Finding Purpose in the Second Half of Life (Part 2 of 2) – ME&A
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Finding Purpose in the Second Half of Life (Part 2 of 2)

Finding Purpose in the Second Half of Life (Part 2 of 2)

Editor’s Note: This post is the second of a two-part series aimed at Millennials born between the early 1980s and the late 1990s. Part 1 explored important ways Boomers over 60 and Gen Xers over 40 can finish well in the second half of their lives.

“In the second half of life the necessity is imposed of recognizing no longer the validity of our former ideals but of their contraries. Of perceiving the error in what was previously our conviction, of sensing the untruth in what was our truth, and of weighing the degree of opposition, and even of hostility, in what we took to be love.”   

Carl Jung

Mid-life, unfortunately, is a time when some people can flounder and lose their way. We assume that once we “get it together” with the right job, marry the right person, have children, and buy a home, all is settled and well. But adulthood presents varying levels of growth and is rarely the respite of stability we may have expected. Turbulent emotional shifts can take place anywhere after the age of 35 when we question the choices we’ve made, realize our limitations, and feel stuck – commonly known as the “mid-life crisis.”

What can Millennials do now to avoid a rocky “mid-life” crisis?

James Hollis, a Jungian analyst in private practice and author of the book Finding Meaning in the Second Half of Life: How to Finally, Really Grow Up (2006) offers advice for living the second half of life contradicting how society often measures success: job title, educational accomplishments, looks, prestige, and material wealth. He notes for some this pressure at mid-life translates into buying more and more stuff, purchasing larger homes, finding a new person to marry, or even self-medicating. Hollis advocates a different path – finding meaning and purpose in pursuit of the twin tasks of finding personal authority and finding a mature spirituality.

“The psychology of the first half is driven by the fantasy of acquisition: gaining ego strength to deal with separation, separating from the overt domination of parents, acquiring a standing in the world, whether it be through property, relationship, or social function. But then the second half of life asks of us, and ultimately demands, relinquishment—relinquishment of identification with property, roles, status, provisional identities–and the embrace of other, inwardly confirmed values.” 

James Hollis

Hollis, however, isn’t offering easy answers. Instead, he offers valuable questions and reflections to help us find the courage, persistence, and inspiration to chart or own individual odyssey toward a sense of purpose, preventing or reducing loneliness, and building financial security.

Let me share with you a few key nuggets from my life experiences I believe Millennials can use to prepare for and thrive in the second half of life:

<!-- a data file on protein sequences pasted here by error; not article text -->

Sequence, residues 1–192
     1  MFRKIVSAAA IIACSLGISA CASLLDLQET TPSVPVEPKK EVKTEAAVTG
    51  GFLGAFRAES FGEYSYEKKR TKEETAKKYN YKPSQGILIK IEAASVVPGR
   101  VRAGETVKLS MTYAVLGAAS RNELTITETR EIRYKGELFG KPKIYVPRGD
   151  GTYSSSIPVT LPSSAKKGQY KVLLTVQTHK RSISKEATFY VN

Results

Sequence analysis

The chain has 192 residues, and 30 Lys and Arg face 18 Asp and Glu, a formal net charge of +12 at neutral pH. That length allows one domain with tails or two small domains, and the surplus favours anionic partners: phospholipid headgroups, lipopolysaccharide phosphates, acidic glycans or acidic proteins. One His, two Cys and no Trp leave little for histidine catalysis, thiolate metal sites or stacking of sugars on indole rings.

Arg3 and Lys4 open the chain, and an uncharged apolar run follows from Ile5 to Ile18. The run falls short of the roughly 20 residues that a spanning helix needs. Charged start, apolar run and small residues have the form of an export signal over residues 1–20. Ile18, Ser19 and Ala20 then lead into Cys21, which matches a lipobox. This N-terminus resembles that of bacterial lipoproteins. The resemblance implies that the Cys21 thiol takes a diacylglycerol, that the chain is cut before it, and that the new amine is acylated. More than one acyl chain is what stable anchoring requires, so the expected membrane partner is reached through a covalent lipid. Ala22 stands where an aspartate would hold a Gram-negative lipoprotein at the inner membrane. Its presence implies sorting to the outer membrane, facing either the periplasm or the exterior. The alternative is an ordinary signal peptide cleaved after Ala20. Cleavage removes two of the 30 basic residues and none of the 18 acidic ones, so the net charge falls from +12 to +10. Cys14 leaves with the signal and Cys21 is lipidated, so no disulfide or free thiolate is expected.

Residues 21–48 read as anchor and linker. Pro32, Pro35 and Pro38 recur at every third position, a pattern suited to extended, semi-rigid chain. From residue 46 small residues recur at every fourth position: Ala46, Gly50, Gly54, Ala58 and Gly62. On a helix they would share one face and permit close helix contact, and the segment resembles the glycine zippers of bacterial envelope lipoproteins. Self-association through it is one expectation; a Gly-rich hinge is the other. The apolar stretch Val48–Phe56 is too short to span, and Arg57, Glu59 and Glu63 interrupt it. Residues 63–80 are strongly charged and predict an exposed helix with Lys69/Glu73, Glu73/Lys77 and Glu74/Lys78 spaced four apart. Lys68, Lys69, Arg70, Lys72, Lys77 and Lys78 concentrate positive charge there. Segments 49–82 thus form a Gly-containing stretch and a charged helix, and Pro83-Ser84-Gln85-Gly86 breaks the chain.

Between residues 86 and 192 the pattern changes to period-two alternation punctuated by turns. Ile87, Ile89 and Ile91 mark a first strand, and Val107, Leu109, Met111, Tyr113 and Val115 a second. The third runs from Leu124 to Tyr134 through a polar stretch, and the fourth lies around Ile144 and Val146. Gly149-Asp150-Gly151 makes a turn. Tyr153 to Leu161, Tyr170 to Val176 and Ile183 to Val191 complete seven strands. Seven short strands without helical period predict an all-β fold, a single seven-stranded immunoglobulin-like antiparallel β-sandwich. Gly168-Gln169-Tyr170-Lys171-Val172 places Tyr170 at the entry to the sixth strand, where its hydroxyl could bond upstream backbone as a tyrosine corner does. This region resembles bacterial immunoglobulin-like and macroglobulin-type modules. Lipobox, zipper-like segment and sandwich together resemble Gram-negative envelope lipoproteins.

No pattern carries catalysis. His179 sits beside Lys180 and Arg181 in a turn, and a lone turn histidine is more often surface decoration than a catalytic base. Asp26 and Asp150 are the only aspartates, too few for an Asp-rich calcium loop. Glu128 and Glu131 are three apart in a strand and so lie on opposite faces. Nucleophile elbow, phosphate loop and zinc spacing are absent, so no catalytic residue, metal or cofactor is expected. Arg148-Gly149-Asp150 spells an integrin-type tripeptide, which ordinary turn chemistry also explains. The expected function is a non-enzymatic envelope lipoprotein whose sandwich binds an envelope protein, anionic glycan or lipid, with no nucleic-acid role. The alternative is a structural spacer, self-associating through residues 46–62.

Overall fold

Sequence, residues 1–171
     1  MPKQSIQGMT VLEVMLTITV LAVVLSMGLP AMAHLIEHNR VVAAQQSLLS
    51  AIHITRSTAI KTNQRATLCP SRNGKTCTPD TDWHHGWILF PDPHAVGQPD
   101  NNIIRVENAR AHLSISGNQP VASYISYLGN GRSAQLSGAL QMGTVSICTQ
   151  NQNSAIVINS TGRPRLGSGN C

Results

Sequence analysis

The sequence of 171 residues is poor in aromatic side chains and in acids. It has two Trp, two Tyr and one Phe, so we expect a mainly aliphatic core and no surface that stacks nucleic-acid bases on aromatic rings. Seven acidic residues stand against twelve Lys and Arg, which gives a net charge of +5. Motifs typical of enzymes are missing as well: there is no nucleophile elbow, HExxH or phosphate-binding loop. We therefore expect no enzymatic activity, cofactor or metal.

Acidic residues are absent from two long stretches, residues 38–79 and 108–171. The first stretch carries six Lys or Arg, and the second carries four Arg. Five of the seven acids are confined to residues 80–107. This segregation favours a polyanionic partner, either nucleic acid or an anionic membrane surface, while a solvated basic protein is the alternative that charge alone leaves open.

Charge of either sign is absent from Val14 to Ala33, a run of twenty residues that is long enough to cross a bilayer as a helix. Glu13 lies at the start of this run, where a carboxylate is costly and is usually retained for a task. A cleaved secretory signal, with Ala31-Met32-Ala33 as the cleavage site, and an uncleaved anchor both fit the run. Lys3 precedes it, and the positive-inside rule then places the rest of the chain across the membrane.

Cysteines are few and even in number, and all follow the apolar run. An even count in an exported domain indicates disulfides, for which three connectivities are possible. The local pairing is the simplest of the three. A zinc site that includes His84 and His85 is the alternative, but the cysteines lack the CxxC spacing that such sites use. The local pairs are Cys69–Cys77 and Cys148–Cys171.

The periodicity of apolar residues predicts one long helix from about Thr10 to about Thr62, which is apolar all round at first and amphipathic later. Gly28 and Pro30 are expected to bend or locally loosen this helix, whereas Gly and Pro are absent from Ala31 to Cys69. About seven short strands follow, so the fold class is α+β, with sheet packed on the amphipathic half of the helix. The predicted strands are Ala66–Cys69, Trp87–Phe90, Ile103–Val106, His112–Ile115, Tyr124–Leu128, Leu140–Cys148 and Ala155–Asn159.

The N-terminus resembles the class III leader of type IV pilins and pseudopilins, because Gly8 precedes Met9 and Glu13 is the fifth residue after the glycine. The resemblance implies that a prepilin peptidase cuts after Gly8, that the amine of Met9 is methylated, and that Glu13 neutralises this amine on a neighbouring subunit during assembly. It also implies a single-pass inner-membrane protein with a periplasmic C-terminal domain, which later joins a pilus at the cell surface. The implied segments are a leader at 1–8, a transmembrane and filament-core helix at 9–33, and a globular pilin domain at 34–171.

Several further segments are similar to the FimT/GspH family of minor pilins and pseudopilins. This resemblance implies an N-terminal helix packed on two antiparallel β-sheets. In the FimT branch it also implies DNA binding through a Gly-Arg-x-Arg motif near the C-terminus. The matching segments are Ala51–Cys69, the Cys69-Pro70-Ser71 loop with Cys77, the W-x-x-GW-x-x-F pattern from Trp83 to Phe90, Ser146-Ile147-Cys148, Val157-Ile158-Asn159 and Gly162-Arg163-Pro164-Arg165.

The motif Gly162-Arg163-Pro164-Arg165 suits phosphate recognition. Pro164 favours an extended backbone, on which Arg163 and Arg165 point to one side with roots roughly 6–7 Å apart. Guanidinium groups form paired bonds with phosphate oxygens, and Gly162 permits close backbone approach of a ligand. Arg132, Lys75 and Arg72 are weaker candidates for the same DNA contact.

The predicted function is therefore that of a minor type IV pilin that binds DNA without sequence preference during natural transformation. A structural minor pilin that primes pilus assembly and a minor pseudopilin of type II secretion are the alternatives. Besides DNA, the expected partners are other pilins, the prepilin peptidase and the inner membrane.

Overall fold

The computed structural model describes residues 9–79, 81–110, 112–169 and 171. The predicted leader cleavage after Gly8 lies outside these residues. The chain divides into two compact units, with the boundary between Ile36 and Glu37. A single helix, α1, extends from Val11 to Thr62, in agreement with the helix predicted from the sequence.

1. Be open to career changes: In 1962 I was ordained as a priest and sent to the Dominican Republic to serve as a missionary. In 1967, however, I decided to leave the priesthood to first work as an education specialist in schools in Puerto Rico and then as an educational specialist on management for both the U.S. and Canadian governments serving the global aviation community. Then I obtained my doctorate in Adult Education and entered into global development. I was fortunate every career change I made inspired and motivated me to perform at my best as I leveraged transferrable experience and skills in pursuit of a broader purpose.
  2. Find what you are passionate about: What is it which gives us sheer pleasure and absolute delight? For me it was researching, designing, and then facilitating leadership and management seminars; reading and collecting books; and writing my learning documents and later blogs posts. It is important to develop a second major interest (other than work) and to develop it early. In my case, my management career experience combined with my love of books opened up the opportunity to write blog posts on management in my retirement.
  3. Give back by volunteering and contributing to society: Even though I decided in 1967 being a priest wasn’t my calling – versus marrying and having a family – I still volunteered at three cemeteries to conduct celebrations of life, at our local Heart Institute, and at various church-run activities for several decades. I recommend starting to volunteer early while you are young and healthy. After you retire, you may be too old for some tasks community organizations need done. Always try to find time for small acts of giving back to the community in which we live.
  4. Live simply and save for a rainy day: Today, we live in a world where we tend to spend more than we earn. We live in a period of great uncertainty, and saving enough to have a backup during an emergency will give us peace of mind.
  5. Make health a priority: Health is the most underrated and overlooked aspect in our lives. A mid-life crisis often shows up with deteriorating health. Only good health guarantees a good second half of our lives. Eating healthy and exercising regularly should be part of our lifestyle at any age.

I am going to close with the same quote from the great St. Augustine of Hippo I used to close Part 1 aimed at Boomers and Gen Xers on the secret to a good second half of life:

“Love and do what you will” because focusing on love will lead you to doing good things.